DIY glycol tank idea.

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Jako

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So last night I was thinking a bit while looking at a new mini fridge I plan to modify into a fermenting chamber.

Currently I have a SS brewtech 7G conical that I drilled and added a chilling coil similar as to what you would find on the brew master edition.

I also plan on using kegs to pressure ferment 10G batches. The kegs will be fermented in my "fermenting" chamber.

So to my thoughts. At the top of the mini fridge is the Freezer that you would normally find in most. What if a tank was made and filled with glycol that my SS brewtech pump would cycle to chill my conical?

The idea is rough but I haven't seen this type of set up. I have even thought of just making a large tank and setting the fridge low and just running cooling lines to modified kegs or more fermenters.
 

RedRyderr

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Following this thread! I had a similar idea of using my old chest freezer to keep a container of glycol chilled, then pump that through the conical.
 

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I recall someone had a thread here where they modified a dorm fridge to hold/chill the glycol. They essentially carefully bent the freezer portion downward to the fridge and filled the fridge with glycol. If I can find the post again, I'll update my post.
 
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Jako

Jako

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how hard would it be to bend the glycol tubes that chill the freezer element? my first thought it would just kink almost instantly. or even more fun bust and shoot pressurized glycol all over.

i would add a fan to help keep the air moving around the tank. i have a few ideas i am tossing around. one would be a counterflow chiller type idea smaller space and more efficient.

going to take a look at the thread you posted.
 
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i do as well. What really has me thinking is what type of life you would get out of the fridge. I found a almost one one locally for 20$ if it last a year its a win win. if the think had some type of insulation that would currently help.
 

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You need the evaporator of the freezer inside the glycol, otherwise the heat exchange with air in between will be very bad.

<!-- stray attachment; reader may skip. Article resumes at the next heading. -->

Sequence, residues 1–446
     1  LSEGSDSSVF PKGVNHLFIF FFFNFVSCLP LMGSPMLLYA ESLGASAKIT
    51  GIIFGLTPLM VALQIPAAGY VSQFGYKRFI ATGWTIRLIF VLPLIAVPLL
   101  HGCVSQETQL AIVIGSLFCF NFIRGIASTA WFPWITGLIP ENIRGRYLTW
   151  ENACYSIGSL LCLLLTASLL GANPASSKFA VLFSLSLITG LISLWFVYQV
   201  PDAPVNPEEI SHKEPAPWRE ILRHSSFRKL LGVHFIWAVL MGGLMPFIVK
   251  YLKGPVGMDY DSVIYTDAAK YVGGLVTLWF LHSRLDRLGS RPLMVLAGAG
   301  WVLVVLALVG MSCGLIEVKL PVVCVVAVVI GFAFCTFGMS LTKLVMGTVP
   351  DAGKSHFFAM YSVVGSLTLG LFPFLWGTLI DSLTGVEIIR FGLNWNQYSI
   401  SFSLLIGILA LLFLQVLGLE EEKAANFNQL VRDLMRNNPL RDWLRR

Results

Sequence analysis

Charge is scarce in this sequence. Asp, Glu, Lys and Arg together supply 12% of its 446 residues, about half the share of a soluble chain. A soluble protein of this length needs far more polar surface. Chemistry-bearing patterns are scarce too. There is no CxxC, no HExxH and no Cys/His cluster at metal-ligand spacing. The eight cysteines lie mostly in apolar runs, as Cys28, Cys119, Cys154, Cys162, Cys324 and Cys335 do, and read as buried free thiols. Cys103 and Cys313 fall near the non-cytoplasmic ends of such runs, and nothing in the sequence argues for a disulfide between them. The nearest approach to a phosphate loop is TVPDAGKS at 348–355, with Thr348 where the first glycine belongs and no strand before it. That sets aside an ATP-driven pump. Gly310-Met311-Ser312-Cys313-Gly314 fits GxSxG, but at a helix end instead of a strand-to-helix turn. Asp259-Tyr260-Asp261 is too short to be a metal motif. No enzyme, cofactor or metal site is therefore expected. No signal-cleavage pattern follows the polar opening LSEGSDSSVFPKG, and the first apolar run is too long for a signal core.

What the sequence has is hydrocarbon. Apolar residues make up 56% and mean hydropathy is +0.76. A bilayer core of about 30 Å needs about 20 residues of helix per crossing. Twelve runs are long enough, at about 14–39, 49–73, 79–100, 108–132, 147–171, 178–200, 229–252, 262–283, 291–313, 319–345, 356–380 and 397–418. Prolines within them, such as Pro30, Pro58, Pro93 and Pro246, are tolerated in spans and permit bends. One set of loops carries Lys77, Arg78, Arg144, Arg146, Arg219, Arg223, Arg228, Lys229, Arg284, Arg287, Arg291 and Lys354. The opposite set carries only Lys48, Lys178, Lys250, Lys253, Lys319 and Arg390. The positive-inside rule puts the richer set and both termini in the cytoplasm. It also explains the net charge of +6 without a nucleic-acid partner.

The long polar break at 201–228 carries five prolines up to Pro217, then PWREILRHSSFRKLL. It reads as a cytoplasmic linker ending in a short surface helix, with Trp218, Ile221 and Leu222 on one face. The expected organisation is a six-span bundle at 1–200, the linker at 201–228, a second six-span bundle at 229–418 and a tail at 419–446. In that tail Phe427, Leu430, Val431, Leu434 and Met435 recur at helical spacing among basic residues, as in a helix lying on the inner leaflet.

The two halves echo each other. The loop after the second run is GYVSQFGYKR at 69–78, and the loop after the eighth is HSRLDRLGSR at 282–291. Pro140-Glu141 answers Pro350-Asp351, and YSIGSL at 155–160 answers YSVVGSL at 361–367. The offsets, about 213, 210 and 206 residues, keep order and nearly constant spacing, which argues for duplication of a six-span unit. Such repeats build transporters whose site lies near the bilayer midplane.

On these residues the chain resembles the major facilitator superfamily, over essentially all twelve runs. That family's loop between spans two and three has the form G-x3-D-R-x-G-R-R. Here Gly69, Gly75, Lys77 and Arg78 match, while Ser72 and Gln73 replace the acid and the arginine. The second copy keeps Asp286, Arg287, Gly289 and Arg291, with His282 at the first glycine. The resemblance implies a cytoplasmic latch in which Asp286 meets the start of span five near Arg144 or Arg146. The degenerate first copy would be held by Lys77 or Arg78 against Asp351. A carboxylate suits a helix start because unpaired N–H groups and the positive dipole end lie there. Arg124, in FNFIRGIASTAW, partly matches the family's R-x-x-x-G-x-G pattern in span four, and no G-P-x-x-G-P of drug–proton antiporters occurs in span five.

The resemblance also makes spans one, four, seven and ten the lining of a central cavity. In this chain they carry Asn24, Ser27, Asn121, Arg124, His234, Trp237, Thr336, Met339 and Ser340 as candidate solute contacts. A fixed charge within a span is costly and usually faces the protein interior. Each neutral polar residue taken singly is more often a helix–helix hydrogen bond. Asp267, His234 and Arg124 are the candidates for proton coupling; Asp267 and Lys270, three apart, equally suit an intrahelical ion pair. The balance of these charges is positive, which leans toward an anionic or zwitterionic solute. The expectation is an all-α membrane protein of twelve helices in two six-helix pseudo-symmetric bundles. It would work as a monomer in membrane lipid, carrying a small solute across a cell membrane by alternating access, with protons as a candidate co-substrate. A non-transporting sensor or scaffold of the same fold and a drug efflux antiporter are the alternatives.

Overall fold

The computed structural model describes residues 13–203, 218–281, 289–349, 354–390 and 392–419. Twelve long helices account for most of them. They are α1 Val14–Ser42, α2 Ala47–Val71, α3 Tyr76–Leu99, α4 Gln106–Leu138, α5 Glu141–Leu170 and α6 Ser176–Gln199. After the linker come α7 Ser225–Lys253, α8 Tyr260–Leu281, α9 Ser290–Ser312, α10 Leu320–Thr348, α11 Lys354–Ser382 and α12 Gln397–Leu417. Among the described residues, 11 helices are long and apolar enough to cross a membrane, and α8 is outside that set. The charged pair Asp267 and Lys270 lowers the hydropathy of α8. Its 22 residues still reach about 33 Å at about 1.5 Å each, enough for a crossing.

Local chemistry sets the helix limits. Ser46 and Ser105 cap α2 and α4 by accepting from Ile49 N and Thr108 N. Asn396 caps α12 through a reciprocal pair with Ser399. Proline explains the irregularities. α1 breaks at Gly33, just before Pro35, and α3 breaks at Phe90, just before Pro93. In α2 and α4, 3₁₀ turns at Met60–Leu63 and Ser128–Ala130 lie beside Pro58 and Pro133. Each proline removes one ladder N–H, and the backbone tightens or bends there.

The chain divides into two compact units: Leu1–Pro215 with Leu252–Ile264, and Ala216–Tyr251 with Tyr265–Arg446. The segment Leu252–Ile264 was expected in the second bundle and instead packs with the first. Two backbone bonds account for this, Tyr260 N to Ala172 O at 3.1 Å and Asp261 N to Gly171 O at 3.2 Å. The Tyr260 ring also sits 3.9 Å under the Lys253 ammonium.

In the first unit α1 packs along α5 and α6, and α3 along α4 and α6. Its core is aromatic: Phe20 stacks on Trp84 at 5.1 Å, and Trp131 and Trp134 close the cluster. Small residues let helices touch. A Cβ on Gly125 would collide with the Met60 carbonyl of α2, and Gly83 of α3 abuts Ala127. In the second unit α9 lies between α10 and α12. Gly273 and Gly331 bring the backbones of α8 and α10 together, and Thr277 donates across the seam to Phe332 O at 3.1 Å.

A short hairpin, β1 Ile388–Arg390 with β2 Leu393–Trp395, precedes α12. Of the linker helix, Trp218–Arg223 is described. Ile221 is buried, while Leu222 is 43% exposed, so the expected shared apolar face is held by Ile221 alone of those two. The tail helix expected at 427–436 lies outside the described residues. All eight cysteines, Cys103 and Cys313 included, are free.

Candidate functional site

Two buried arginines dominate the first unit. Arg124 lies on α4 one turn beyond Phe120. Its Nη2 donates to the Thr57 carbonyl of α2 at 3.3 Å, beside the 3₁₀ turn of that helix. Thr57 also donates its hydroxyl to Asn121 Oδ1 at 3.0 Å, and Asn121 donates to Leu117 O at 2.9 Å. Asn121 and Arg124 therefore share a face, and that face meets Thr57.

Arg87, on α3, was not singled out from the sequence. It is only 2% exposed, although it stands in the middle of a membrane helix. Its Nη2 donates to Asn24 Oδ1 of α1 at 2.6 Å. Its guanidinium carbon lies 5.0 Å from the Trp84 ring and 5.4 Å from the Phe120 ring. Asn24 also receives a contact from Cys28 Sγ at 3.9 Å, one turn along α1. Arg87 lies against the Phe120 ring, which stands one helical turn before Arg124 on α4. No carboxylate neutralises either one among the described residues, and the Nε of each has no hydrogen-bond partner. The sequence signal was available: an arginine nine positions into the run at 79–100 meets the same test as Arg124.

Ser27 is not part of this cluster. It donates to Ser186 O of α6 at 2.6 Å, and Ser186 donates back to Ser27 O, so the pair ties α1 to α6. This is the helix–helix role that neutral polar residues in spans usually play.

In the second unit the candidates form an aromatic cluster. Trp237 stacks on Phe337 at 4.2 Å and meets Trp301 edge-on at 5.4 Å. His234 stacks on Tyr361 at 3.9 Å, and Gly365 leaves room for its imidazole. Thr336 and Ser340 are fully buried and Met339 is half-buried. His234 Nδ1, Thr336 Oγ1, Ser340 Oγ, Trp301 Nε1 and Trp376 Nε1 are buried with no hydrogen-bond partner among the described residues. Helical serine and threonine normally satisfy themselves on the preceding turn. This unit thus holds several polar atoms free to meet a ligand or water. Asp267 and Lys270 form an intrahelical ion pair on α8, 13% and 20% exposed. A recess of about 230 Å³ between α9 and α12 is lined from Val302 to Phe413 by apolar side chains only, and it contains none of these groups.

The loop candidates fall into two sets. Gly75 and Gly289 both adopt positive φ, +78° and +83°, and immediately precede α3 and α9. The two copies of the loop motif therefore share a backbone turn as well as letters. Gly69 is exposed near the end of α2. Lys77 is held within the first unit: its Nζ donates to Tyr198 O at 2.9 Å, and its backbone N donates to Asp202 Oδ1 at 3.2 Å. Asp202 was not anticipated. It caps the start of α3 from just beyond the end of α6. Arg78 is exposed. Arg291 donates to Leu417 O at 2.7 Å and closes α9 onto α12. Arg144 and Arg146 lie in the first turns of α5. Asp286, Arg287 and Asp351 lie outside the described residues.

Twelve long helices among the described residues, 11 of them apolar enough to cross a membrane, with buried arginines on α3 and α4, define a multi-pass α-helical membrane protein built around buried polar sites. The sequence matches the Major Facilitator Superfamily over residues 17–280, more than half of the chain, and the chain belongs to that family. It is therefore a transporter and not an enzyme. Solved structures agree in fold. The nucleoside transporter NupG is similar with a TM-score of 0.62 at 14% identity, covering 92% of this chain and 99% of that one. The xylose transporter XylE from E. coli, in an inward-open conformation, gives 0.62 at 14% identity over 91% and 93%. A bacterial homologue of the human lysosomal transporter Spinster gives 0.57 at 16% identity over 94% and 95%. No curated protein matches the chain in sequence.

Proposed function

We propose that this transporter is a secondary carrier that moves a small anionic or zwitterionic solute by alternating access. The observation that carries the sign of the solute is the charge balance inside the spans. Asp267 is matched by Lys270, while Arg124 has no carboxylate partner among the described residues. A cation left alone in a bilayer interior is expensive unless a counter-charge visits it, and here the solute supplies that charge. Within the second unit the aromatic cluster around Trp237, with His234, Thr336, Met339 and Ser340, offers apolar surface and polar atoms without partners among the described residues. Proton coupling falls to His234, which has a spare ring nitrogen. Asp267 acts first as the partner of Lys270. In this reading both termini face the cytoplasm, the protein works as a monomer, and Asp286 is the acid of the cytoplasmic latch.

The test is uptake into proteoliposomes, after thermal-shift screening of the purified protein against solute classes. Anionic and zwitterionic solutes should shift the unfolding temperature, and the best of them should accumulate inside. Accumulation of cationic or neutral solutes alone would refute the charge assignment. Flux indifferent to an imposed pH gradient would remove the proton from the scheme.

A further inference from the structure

A frien of me, refrigerator expert, replace the evaporetor all together by a copper tube around the fermenter and insulated the whole thing around. With a 1/5 hp unit it cold ok 200L.
 

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Why not just do the air conditioner and cooler route? I've got 2 I built that are 18,000btu (1 ton ) not that you would need that big of an air conditioner for a couple 7 gallon conicals. Facebook marketplace $50 a piece for the 18,000btu units (5,000btu are even cheaper) and coolers $10 each. Granted there is other stuff to buy like temp controllers, pumps, tubing, insulation, valves, and what not but you would be buying all that anyway.
 
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Jako

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You need the evaporator of the freezer inside the glycol, otherwise the heat exchange with air in between will be very bad.
A frien of me, refrigerator expert, replace the evaporetor all together by a copper tube around the fermenter and insulated the whole thing around. With a 1/5 hp unit it cold ok 200L.
that sounds very interesting, how is he able to move the fermenter around. i would love to see this if you are able to take pictures some time.
 
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Why not just do the air conditioner and cooler route? I've got 2 I built that are 18,000btu (1 ton ) not that you would need that big of an air conditioner for a couple 7 gallon conicals. Facebook marketplace $50 a piece for the 18,000btu units (5,000btu are even cheaper) and coolers $10 each. Granted there is other stuff to buy like temp controllers, pumps, tubing, insulation, valves, and what not but you would be buying all that anyway.
i think its more of what i have on hand. i have thought about AC unit builds but haven't put a whole lot of thought into this.

my plan from the start was to just have a fermenting chamber under a large workbench that i am building in my brew room. like all things you tend to get more ideas or over think things. even putting a large tank of water more ore less in a fridge and using that water to cycle like a glycol unit would work. wouldn't get nearly as cold but for me i have no need to cold crash.
 

superiorsat

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"but for me i have no need to cold crash." I think you might be good with your idea then. Maintaining temp at a 60-70F level would not require a ton of heat transfer to accomplish this.
 
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"but for me i have no need to cold crash." I think you might be good with your idea then. Maintaining temp at a 60-70F level would not require a ton of heat transfer to accomplish this.
thought about this for a night or two now. I think you are right it would work well for exactly how i intend to use it.
 

Lalo_uy

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that is very cool! will Glycol react negatively with copper? i feel like this is a stupid question.
I see plenty of chiller with a copper coil in a tank with water glycol mix with no problem.